When I started this blog I mentioned one of my all-time favorite sites: Sheaff-Ephemera. Here’s another sampling of some of their collections. They’re always adding to it and it’s a phenomenal resource for inspiration. All images are owned by Sheaff Ephemera. Go to their site to drool over their amazing collections!!
All posts tagged 1900s
Here’s another green bean label, this time by Red Moon. This was made in the 1920s-1930s in Baltimore, Maryland. The lithographer was Simpson & Doeller. To give you a little more perspective, the label is 4.25″ x 11″. You can buy this one for your collection on Etsy.
So I recently discovered the blog Letterology, and I’m quickly falling in love. Check out his post on Sanford’s Glue for the rest of his images. The image from the catalog is from the 1800s, and the postcard is from 1904. He also has an ad from 1928, but you’ll have to go there to see it :)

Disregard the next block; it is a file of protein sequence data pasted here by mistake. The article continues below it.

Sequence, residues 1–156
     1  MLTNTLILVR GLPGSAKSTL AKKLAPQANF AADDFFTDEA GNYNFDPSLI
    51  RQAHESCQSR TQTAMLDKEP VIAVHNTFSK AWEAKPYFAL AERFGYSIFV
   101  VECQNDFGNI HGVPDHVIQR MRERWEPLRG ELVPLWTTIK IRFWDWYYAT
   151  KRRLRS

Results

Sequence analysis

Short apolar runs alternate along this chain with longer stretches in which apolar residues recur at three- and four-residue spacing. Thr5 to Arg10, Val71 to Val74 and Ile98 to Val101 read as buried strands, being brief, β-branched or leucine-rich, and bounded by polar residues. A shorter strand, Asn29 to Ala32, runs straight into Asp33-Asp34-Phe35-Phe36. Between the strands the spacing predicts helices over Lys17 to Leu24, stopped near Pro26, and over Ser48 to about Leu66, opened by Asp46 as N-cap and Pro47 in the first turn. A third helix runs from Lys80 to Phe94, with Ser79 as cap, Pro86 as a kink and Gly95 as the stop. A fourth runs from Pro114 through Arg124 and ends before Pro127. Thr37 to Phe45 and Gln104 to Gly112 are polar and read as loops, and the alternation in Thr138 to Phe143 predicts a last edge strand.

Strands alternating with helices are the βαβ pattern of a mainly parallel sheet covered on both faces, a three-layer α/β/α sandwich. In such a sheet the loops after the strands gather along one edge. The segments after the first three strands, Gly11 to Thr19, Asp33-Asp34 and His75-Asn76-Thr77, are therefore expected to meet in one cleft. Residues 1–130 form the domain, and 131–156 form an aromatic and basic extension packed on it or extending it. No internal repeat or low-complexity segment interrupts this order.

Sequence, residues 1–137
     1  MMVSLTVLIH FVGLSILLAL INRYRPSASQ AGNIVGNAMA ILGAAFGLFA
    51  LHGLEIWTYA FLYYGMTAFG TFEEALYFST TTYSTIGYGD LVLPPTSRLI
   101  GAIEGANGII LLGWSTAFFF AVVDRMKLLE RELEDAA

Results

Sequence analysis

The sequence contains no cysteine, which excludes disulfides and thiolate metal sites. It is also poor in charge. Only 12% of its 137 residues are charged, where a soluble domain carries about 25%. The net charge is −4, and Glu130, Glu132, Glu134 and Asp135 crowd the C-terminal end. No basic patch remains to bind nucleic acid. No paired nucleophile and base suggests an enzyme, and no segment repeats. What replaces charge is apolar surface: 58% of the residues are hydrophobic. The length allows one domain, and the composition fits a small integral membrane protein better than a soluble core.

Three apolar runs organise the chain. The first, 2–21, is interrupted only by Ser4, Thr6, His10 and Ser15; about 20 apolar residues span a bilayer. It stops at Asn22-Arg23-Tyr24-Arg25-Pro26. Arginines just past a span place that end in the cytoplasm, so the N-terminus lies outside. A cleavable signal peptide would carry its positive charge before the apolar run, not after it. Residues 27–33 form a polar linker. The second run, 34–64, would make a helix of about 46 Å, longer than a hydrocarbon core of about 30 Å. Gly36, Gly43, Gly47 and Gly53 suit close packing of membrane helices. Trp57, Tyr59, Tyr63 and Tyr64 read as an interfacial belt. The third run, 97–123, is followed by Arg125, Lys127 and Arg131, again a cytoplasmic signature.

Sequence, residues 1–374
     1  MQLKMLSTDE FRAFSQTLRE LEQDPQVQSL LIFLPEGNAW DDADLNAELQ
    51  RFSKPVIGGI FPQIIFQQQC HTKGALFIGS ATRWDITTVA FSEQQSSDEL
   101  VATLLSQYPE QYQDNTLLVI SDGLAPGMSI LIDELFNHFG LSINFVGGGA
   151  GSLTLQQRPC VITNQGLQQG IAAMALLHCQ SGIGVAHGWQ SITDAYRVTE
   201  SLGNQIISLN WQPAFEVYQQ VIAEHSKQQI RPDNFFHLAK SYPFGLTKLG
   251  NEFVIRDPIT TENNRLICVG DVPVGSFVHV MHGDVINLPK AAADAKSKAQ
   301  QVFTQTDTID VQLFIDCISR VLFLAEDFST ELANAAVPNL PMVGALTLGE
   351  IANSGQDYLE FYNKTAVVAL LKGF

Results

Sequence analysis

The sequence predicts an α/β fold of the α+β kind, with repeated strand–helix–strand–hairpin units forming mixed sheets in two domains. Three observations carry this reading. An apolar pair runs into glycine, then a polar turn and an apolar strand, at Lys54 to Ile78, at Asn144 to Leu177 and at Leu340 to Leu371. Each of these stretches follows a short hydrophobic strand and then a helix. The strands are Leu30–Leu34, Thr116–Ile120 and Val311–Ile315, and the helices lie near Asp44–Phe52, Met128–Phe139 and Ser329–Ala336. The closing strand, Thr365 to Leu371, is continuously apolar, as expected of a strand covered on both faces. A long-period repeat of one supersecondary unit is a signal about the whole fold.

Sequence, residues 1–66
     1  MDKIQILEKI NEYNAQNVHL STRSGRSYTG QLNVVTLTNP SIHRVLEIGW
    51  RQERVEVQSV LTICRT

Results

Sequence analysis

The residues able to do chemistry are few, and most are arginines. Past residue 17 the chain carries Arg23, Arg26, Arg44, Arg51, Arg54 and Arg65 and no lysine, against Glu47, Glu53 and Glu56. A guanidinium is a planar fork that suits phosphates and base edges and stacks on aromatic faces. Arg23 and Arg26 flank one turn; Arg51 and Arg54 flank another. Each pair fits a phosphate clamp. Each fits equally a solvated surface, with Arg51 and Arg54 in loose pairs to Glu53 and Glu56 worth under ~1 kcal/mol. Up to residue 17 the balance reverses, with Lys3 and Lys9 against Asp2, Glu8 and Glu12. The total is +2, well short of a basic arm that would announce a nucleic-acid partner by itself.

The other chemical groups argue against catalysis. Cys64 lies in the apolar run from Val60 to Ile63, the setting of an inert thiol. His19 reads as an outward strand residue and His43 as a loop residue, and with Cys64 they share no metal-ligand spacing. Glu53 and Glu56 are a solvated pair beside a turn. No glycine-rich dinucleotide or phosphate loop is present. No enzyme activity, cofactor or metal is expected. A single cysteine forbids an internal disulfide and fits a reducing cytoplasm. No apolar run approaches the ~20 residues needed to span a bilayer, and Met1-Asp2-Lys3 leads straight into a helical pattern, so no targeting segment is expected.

Isn’t it cool to see the ephemera surrounding an item? It puts it in context and brings it to life. I feel like I’m shopping in the 1800s!
I kept finding images with giant pumpkins in them and it cracked me up. I felt it was my duty to share. Via Graves and Ghouls.
Country Gentleman was an American agricultural magazine that was founded in 1831. In 1955 it was the 2nd most popular agricultural magazine in the US with almost 3 million subscribers. I love the illustrations- they feel like classic American illustrations, showing the “Mayberry” times I wish we still lived in. Ironically, the oldest examples I’ve posted here feel the most modern.
I came across this vintage Handy Pack sewing kit that seems to be in mint condition with all the bits and bobs it originally included. It’s a great example of Art Deco design, and it’s nice to see how they evolved the design to be applied to the various types and sizes of the objects it held. I love that they kept the threads on round disks that mimic the shape of the box. They could have easily taken the normal little rectangle and tossed them in.
Even the scissors are unique in that they look like a bird- the screw is used as the bird’s eye- now that’s a nice touch. It truly is the details that make something great. Anyone can do the easy route and throw something together. Made in England, via The Vintage Cottage on Flickr.